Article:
Prominent shareholders in Pearson are moving to oust chair Sidney Taurel amid discontent over the pay package offered to the educational publisher’s new chief executive, Andy Bird, the Financial Times has reported.

Last month, a third of shareholders voted against a lucrative deal offered to former Disney director Bird, who will replace Pearson’s outgoing chief executive John Fallon next week.

Bird is to receive a $1.25 million base salary, enhanced by a share deal worth $9.375 million, paid in three tranches, if he continues to make an “appropriate level of continued progress” in Pearson’s strategy. His “golden hello” also includes a $240,000 annual allowance for a New York apartment.

But top shareholders in Pearson have reportedly told the FT that Taurel’s position is in danger because of his handling of the succession process.

One shareholder reportedly said that it was “definitely the case” that a significant group of investors “want [Taurel] to go”.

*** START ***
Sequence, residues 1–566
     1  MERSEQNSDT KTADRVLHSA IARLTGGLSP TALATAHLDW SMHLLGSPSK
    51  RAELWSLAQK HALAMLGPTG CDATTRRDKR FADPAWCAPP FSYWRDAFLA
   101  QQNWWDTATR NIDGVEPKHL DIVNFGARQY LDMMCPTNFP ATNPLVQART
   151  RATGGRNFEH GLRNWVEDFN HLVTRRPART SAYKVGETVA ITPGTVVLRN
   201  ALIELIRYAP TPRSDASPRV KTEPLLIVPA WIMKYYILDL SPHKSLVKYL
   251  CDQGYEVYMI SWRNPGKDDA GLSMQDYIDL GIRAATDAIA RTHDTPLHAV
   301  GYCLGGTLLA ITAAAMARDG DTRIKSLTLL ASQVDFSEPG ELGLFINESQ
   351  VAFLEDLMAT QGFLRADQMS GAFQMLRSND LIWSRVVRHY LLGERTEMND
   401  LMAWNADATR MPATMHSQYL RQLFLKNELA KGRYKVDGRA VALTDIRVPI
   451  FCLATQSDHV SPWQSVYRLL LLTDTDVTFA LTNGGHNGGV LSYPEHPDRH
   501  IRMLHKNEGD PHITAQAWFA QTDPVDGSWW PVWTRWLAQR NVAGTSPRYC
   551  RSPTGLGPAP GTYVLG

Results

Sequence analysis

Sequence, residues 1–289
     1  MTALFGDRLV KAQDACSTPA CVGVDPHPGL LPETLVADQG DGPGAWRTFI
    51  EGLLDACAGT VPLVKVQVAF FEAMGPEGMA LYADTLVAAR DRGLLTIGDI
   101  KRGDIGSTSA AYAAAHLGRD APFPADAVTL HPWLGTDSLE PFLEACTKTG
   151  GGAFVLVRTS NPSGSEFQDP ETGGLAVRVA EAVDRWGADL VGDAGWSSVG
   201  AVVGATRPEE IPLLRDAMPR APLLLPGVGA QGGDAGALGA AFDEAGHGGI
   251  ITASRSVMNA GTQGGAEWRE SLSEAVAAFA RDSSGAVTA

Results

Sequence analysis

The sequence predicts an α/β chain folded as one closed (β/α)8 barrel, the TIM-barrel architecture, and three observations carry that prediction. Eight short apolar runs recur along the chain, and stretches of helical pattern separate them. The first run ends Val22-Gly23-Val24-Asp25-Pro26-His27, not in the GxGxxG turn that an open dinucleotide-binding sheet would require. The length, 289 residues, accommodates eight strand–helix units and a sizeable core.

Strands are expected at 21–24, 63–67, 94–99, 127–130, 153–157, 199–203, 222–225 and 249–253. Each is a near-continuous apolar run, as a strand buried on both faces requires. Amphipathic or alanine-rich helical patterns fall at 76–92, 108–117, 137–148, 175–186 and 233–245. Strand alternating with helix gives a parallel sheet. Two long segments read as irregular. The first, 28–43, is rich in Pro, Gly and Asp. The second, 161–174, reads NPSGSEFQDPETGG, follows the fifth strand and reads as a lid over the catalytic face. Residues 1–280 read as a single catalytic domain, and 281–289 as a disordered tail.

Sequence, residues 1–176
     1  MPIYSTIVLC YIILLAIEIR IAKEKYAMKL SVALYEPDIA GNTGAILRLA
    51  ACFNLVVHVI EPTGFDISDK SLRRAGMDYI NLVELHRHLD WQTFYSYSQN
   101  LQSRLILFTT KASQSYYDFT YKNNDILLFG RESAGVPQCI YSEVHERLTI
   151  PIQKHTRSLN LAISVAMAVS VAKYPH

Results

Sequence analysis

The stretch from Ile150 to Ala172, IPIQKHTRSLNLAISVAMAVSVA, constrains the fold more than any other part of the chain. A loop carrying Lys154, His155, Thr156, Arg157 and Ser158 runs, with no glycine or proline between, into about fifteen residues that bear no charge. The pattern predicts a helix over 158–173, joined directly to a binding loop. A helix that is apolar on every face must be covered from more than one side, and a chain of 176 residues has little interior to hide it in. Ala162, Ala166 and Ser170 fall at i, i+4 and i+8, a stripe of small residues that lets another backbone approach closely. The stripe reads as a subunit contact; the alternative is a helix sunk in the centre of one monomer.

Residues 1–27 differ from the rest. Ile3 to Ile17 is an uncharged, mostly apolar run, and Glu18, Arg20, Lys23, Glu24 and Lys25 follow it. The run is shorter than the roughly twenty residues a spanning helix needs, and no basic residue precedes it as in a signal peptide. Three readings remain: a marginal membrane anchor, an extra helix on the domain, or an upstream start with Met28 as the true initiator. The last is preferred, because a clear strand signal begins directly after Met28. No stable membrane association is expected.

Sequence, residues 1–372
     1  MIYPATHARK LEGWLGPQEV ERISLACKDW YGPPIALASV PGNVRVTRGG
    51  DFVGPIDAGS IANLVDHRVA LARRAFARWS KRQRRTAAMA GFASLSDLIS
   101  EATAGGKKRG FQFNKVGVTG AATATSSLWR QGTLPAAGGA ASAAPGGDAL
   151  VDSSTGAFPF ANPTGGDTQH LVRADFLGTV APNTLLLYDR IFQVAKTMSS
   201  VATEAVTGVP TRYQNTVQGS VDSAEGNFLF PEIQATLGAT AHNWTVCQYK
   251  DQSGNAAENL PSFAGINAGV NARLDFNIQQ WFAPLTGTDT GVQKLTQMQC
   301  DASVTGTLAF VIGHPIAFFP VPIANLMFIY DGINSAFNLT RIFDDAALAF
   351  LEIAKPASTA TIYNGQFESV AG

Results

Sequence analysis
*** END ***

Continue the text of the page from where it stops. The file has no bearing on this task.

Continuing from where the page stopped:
Another said: “This is not finished. I can’t say I’m happy with the chair’s handling [of the recent pay issue]. At some point, there have to be some board changes. Most people who voted for it [Bird’s pay package] were probably not happy.”

The shareholder noted that he among others were also unhappy with Pearson’s “dreadful returns” during Taurel’s tenure, which began in 2016, and his resistance to calls to replace Fallon following a series of profit warnings.

“There are shareholders who think the governance of the company has been disappointing and the chair bears ultimate responsibility,” the shareholder told the FT.

A third shareholder reportedly said that shareholders would “probe further” Bird’s succession, adding that “having two Americans in charge doesn’t sit well with UK investors”.

Any vote over Taurel’s reappointment is likely to be decided by Pearson’s top-five shareholders – Lindsell Train, Schroders, Silchester International Investors, Columbia Threadneedle and Cevian Capital – which together own more than 40% of the firm.

Pearson declined to comment when contacted by the FT.

Date published: 12 October 2020

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